Some Democrats, worried that their party’s image is too secular, are urging their candidates to get religion.
In September, a group of Democrats launched a new Web site, www.faithfuldemocrats.com, designed to reach out to religious voters. Although not an official party site, the forum is expected to include participation by party candidates and leaders.
The site was created by David Wilhelm and Jesse Lava, two Democratic strategists who say they were dismayed to see so many religious voters gravitate toward the Republicans in 2004. The site, the two say, will be “explicitly Christian” and aimed at members of mainline denominations and moderate evangelicals.
“In the next presidential election, a winning Democratic nominee is going to have to prove that he can navigate the shoals of the faith issue,” Wilhelm told USA Today. “That doesn’t mean you have to go around spouting biblical verses. You should have the ability to speak from your heart on those values that come from religious traditions.”
Not surprisingly, the site will contain explicitly partisan content and will be used to raise money and find volunteers for candidates. After its launch, the site was used to raise money for Bob Casey, an anti-abortion Democrat seeking a U.S. Senate seat in Pennsylvania.
Participants said they are tired of the GOP assuming to speak for all religious people. Among them is Roy Herron, a former minister who runs the Democratic Party in Tennessee.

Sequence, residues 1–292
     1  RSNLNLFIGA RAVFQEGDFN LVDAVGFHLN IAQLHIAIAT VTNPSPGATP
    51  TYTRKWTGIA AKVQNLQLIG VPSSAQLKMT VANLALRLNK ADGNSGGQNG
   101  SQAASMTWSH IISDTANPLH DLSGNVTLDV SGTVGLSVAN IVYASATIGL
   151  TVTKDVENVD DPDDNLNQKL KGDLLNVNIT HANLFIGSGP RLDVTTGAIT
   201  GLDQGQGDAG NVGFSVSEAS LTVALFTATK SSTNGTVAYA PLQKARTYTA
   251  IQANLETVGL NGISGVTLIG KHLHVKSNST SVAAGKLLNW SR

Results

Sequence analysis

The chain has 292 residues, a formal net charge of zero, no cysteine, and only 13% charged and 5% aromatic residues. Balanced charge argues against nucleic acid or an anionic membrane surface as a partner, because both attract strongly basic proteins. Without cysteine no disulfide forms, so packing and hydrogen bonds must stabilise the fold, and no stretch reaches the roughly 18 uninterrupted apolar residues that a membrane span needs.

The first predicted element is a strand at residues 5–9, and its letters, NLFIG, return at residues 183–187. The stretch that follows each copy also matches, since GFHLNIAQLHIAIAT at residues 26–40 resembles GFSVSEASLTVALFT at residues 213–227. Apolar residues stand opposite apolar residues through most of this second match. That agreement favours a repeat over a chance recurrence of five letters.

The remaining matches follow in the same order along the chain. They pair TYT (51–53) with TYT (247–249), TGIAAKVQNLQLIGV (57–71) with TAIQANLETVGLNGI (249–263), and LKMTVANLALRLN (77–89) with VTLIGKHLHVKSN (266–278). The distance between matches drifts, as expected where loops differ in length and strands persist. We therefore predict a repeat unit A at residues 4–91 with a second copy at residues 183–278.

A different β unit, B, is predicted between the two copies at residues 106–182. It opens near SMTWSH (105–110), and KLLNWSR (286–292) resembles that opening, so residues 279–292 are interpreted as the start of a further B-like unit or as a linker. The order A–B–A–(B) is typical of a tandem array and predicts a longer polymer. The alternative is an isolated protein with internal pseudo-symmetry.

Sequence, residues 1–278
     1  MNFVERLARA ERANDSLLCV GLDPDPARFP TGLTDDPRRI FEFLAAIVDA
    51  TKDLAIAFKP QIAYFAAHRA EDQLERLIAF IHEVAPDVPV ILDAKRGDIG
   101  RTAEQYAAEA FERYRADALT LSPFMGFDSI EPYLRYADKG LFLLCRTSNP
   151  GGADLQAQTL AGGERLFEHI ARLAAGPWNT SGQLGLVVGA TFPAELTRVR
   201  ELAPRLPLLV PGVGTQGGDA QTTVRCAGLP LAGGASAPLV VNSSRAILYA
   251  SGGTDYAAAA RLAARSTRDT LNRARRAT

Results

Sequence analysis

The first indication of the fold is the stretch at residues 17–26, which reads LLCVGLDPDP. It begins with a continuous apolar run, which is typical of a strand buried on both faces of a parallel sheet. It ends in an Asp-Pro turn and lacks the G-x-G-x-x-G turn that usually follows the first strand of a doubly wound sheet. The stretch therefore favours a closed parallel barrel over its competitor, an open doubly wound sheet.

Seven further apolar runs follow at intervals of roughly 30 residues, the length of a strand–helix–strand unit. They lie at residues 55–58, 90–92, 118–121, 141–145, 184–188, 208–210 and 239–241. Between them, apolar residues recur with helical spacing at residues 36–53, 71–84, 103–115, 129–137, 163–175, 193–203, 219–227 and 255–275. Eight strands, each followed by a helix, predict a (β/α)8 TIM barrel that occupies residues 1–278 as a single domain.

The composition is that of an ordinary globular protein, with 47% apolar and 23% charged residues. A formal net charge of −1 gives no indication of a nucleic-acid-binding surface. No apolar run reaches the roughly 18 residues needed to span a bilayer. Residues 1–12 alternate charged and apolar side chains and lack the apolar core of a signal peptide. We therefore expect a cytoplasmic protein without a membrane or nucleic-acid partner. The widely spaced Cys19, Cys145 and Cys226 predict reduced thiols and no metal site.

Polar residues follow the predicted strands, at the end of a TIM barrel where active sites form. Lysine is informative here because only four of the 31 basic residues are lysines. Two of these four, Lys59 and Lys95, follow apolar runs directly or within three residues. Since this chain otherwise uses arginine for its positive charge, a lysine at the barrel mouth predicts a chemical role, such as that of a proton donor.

“I’m tired of politicians and partisans and preachers spelling God G-O-P,” Herron said during a conference call with reporters. “Now many Americans think Jesus never rode a donkey and today only rides an elephant. The truth is, God cannot be held hostage by a political party. And American Christians should not be either.”
Tom Minnery, senior vice president of the supposedly nonpartisan Focus on the Family, was predictably hostile to the new thrust.
“It’s demeaning to speak of God in political terms, but there are moral standards that emanate from the Bible, and Republicans have adopted more of them,” he told USA Today.
The new Democratic effort is clearly part of an ongoing strategy to create a party image that is friendly toward religion. In June, U.S. Sen. Barack Obama (D-Ill.) gave a well-publicized speech in which he chided his party for failing to “acknowledge the power of faith in the lives of the American people.”
Last year, House Minority Leader Nancy Pelosi (D-Calif.) convened a 42-member “Faith Working Group,” and this fall, Democratic leaders will unveil an advisory team consisting of religious leaders.
Not everyone is fond of the ongoing efforts to add more religion to politics. In his new book Piety & Politics: The Right Wing Assault on Religious Freedom, AU Executive Director Barry W. Lynn warns that these trends are not good for American politics.
“Scriptural affirmation for secular law is what one strives for in a theocracy; commonly shared community values based on the Constitution’s framework for justice is what we ought to seek in a democracy,” writes Lynn.